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“Less is better” vs. “Drink responsibly”

“Less is better” vs. “Drink responsibly”
“Less is better” vs. “Drink responsibly”
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Interview with Dr. Alfred Uhl, “Competence Centre Addiction“ of Gesundheit Österreich and Sigmund Freud University

What sort of responsibility do alcohol producers hold?

The UN General Assembly has deemed the economy crucially important in the fight against noncommunicable diseases such as addiction. This requires a situation where one does not categorically reject financial support from the industry aimed at curtailing the problem through research, preventive measures, and the treatment of people suffering from alcoholism; that being said, one has to make sure that this is not done in a way that contradicts the intention of reducing the problem.

There are two political camps in society with regard to alcohol: one thinks that it is generally a questionable product, while the other one regards the moderate consumption of alcohol as stimulant as positive and sees only excessive consumption as serious issue. The industry finds itself between a rock and a hard place, trying to cater to the interest of several parties. As in other areas, some players are very keen on a good reputation and responsible business practices, whereas others only look at the bottom line.

What’s your take on the status quo?

Tensions come up wherever the fight is about basic definitions and attitudes. In Northern Europe, the popular slogan is “less is better”, while in the South “drink responsibly” is the common ground. In the South, the consensus is that moderate consumption is no problem, whereas in the North the attitude is slightly more alcohol-adverse.

The two political and societal tendencies represent one underlying stance. Basically, demands are for the industry to promote prevention, therapy, and independent research. At the same time, the funding by the alcoholic beverage sector is seen critically. Demanding activities to reduce the problem on the one hand while rejecting them categorically on the other hand does not really make sense.

To what extent should the state intervene (laws, information campaign, taxation)?

The prevention and curtailment of problems associated with alcohol is of course an important task of the state. In this context, we have seen numerous public actions financed and legal amendments passed in recent years – both aimed at cutting problems resulting from alcohol abuse. For example, traffic campaigns have been funded and the DUI laws have been gradually expanded (intoxication thresholds, police checks without suspicion etc.). Addiction prevention and therapy are funded publicly, with excessive alcohol consumption consistently expounded.

In the past we have often seen changes towards reducing the problem such as by way of trade regulations, where the explicit authorisation of selling alcohol to children if they claim they are buying it for their parents was scratched. It is nowadays impossible to imagine children legally buying alcohol for their parents. This is definitely an achievement by politics.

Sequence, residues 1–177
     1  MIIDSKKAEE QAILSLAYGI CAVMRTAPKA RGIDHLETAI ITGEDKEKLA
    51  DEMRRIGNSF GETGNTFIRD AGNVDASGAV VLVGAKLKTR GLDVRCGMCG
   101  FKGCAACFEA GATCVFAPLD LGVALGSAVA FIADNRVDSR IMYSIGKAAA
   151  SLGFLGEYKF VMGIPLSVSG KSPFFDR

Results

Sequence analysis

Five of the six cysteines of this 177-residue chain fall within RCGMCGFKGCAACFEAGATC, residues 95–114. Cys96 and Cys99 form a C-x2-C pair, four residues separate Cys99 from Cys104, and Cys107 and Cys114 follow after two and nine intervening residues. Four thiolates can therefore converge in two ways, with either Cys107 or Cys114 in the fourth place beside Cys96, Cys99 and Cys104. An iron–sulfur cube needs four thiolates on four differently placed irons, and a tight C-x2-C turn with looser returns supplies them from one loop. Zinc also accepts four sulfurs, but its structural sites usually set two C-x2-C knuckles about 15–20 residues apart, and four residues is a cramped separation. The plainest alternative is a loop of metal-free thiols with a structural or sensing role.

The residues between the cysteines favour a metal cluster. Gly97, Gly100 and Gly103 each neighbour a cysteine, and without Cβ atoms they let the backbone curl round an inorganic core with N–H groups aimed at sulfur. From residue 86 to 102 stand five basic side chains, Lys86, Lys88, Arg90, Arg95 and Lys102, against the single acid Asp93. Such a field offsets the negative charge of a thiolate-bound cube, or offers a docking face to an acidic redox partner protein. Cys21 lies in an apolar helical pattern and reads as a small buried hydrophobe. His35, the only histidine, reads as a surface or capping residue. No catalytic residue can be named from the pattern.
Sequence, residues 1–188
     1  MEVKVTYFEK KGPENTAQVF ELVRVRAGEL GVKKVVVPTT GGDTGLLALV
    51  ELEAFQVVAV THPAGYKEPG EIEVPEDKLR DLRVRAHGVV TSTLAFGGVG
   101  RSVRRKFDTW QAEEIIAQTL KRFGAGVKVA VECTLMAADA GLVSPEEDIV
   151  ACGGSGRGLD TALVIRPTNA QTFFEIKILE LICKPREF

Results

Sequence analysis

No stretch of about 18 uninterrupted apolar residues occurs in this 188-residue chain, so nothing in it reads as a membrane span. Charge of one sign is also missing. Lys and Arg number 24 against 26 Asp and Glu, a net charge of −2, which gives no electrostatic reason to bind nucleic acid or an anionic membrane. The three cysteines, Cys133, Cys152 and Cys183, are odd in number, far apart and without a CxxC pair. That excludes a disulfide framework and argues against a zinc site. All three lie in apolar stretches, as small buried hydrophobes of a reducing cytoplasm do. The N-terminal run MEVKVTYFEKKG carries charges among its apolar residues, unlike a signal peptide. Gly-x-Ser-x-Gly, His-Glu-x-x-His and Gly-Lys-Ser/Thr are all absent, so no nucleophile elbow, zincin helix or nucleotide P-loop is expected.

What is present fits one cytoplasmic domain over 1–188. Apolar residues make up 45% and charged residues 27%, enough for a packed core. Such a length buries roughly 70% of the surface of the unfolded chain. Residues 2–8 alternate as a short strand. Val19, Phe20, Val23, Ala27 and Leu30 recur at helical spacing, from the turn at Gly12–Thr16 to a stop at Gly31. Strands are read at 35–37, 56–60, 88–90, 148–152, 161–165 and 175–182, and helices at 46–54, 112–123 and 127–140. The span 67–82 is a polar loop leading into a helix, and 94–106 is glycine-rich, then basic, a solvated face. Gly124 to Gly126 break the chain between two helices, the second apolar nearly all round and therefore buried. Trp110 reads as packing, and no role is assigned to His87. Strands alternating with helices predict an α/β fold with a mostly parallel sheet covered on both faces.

The awareness that excessive alcohol consumption may be a health scare and that it also causes a number of other problems has increased. However, fundamental changes such as a healthier way of handling alcohol do not happen overnight. Basic attitudes and cultural imprints shift only gradually. For example, alcohol consumption has decreased by about a fifth since 1971. At the same time, one has to admit that excessive alcohol consumption and alcohol dependence remain a big problem in Austria.

How does Austria fare in comparison with other EU countries?

There are different ways to approach the problem politically. North European and English-speaking countries are generally in favour of a strict alcohol policy, pursue a premium-price strategy, and try to curb the availability of alcohol altogether. This approach is somewhat alien to many countries, among them Austria.

While high prices and strongly limited opening hours can reduce average consumption, they also abet excessive behavioural patterns, as a comparison of Northern Europe and the catholic South illustrates. In Northern Europe, more people do not drink alcohol at all, and those who do drink, do so less frequently. But when they do, they mean business. This leads to excessive levels of intoxication despite the fact that average consumption is lower than in the Southern parts of Europe.


Read more articles from this issue of our ESG letter here.

*ESG stands for Environmental, Social and Governance“ – These are the three broad categories according to which companies are examined in sustainable investment.


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